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Lawmakers consider increase to Indiana earned income tax credit

Indiana Republican Representative Chuck Goodrich sits at his desk on the House floor. Goodrich is a White man with dark, graying hair and beard.
Lauren Chapman
IPB News
Rep. Chuck Goodrich (R-Noblesville) has pushed legislation for years to increase Indiana's earned income tax credit as a way, he said, to address generational poverty.

A state lawmaker says his bill to increase Indiana’s earned income tax credit would be a huge boost to addressing generational poverty.

The credit is meant for lower-income people and families. Income limits are based on the number of children you have.

To be eligible, families with two or more children can earn up to about $49,000. And right now, those families could get a credit on their state taxes of just over $600.

Under Rep. Chuck Goodrich’s (R-Noblesville) bill, HB1290, that would go up to more than $900.

“So, we know that the money that is returned from their taxes will actually go right back into the economy,” Goodrich said.

READ MORE: The Earned Income Tax Credit: How Does It Work?

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Kathryn Williams represents Lafayette Urban Ministry, which helps low-income Hoosiers. She said the credit makes a huge difference in people’s lives.

“One of the people could afford to buy a used car so she could continue working as a home health aide," Williams said. "Somebody else was able to afford to move out of a home that had bad rental conditions, to move into a better place.”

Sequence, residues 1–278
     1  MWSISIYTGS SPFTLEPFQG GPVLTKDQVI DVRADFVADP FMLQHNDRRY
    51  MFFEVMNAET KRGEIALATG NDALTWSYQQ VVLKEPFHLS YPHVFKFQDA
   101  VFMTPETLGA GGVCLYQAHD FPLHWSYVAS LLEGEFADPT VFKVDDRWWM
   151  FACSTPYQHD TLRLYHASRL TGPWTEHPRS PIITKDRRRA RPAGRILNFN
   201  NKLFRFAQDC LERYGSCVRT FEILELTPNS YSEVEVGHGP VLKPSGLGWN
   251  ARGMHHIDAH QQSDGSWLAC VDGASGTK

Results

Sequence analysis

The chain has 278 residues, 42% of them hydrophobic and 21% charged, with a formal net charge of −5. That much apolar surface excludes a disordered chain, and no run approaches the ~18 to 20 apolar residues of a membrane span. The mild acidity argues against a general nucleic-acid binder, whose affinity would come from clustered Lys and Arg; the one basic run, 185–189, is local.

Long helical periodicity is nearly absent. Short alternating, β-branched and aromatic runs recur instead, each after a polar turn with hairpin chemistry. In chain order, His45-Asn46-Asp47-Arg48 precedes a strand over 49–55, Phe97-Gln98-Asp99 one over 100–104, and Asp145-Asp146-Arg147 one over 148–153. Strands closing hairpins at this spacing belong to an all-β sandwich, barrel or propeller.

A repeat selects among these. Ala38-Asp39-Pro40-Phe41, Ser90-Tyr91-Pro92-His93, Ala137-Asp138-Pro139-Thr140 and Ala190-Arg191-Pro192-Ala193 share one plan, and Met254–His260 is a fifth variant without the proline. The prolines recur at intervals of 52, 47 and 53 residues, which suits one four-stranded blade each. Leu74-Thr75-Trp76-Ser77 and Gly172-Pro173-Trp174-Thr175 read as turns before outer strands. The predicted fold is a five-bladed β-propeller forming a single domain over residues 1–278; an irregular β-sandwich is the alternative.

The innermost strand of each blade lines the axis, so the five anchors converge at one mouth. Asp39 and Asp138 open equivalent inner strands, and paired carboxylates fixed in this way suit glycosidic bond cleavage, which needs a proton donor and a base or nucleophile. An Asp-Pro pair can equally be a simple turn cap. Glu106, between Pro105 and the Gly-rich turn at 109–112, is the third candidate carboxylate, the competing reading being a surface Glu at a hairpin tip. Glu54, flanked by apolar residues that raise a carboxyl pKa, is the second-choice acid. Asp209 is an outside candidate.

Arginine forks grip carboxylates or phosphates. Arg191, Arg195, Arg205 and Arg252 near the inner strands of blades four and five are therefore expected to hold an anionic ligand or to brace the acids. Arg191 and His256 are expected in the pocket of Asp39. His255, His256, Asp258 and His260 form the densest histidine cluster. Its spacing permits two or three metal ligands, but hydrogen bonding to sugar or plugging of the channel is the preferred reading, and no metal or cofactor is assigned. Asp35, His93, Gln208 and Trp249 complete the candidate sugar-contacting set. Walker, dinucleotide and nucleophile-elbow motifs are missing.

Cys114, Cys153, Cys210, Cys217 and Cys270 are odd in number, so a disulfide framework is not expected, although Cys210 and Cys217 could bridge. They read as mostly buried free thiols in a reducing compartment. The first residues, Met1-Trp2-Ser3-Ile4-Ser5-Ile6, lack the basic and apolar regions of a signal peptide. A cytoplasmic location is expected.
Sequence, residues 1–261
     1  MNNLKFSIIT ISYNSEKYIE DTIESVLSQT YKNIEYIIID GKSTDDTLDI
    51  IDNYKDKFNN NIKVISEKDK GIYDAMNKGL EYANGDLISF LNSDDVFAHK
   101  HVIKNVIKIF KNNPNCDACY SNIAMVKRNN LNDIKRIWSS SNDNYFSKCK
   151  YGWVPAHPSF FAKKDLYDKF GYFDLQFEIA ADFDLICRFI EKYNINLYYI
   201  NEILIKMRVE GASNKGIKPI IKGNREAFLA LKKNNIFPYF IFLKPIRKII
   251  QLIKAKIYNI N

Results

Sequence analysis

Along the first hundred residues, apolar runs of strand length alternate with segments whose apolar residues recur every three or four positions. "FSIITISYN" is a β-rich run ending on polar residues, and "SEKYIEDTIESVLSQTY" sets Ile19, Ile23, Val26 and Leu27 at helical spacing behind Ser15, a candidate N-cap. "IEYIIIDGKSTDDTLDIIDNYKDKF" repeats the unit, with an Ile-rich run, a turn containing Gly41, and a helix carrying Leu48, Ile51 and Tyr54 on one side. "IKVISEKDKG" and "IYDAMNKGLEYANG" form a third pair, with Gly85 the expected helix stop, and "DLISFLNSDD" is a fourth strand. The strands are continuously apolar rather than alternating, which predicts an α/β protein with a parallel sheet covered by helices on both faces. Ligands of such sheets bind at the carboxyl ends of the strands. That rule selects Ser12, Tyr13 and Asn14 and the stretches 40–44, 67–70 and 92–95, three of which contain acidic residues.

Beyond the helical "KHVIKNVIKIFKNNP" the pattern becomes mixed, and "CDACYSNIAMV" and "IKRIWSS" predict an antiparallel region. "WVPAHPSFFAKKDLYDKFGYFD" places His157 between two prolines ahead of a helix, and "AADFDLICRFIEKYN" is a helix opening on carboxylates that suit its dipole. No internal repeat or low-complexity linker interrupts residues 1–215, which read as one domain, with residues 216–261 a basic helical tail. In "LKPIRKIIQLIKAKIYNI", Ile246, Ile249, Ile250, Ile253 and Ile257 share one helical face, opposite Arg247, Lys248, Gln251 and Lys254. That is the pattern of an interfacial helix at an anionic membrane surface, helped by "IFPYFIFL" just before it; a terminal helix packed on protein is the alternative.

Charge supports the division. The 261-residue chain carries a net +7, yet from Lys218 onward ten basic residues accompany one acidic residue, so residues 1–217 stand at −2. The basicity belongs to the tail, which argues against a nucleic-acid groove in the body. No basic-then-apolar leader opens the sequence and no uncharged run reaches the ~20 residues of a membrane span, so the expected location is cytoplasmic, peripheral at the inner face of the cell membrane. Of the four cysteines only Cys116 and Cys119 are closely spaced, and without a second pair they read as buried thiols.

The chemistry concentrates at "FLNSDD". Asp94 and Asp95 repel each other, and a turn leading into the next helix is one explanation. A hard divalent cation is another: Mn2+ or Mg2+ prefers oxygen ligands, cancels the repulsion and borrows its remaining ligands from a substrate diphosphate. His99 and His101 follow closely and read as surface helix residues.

According to the Urban Institute, Indiana is one of 31 states with an earned income tax credit (in addition to the federal EITC). Only five states have a credit lower than Indiana's current level.

A House committee heard testimony on the bill Wednesday but did not vote on it.

Contact reporter Brandon at or follow him on Twitter at @brandonjsmith5.

Brandon Smith has covered the Statehouse for Indiana Public Broadcasting for more than a decade, spanning three governors and a dozen legislative sessions. He's also the host of Indiana Week in Review, a weekly political and policy discussion program seen and heard across the state. He previously worked at KBIA in Columbia, Missouri and WSPY in Plano, Illinois. His first job in radio was in another state capitol - Jefferson City, Missouri - as a reporter for three stations around the Show-Me State.